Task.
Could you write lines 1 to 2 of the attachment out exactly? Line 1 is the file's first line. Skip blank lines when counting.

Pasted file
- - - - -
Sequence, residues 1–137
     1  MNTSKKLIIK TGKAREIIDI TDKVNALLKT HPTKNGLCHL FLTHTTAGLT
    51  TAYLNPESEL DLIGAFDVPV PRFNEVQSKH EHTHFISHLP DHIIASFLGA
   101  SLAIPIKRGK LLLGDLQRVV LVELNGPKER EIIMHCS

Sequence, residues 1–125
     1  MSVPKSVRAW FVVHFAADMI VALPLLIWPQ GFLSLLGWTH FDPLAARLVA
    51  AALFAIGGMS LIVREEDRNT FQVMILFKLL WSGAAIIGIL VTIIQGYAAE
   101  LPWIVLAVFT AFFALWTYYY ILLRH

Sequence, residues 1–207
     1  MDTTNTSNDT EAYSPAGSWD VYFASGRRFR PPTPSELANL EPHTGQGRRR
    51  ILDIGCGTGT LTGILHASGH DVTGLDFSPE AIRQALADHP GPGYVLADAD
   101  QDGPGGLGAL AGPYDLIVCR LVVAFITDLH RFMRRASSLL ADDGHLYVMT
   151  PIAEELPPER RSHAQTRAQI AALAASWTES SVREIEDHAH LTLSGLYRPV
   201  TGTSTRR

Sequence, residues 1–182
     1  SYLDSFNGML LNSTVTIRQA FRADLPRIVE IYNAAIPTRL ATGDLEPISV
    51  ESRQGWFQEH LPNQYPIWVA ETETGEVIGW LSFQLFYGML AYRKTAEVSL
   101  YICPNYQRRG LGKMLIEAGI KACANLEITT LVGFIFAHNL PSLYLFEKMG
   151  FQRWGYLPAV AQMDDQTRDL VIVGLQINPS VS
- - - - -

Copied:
Sequence, residues 1–137
     1  MNTSKKLIIK TGKAREIIDI TDKVNALLKT HPTKNGLCHL FLTHTTAGLT